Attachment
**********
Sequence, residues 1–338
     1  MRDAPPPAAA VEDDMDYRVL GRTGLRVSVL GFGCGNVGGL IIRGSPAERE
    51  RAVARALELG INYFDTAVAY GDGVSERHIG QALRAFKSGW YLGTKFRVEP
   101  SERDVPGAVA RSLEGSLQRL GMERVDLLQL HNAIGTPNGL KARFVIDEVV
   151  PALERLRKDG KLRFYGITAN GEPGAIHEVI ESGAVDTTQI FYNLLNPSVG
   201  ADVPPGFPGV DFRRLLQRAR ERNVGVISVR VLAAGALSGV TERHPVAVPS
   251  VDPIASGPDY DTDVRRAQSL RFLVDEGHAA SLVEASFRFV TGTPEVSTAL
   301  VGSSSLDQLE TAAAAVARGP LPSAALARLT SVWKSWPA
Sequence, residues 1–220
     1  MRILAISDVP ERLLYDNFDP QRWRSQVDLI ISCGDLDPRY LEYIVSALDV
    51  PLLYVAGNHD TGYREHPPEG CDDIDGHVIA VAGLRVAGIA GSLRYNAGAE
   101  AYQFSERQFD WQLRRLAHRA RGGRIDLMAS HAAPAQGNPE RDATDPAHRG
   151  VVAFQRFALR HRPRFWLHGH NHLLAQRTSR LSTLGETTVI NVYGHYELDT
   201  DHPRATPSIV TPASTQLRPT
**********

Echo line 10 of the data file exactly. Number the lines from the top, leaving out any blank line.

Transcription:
     1  MRILAISDVP ERLLYDNFDP QRWRSQVDLI ISCGDLDPRY LEYIVSALDV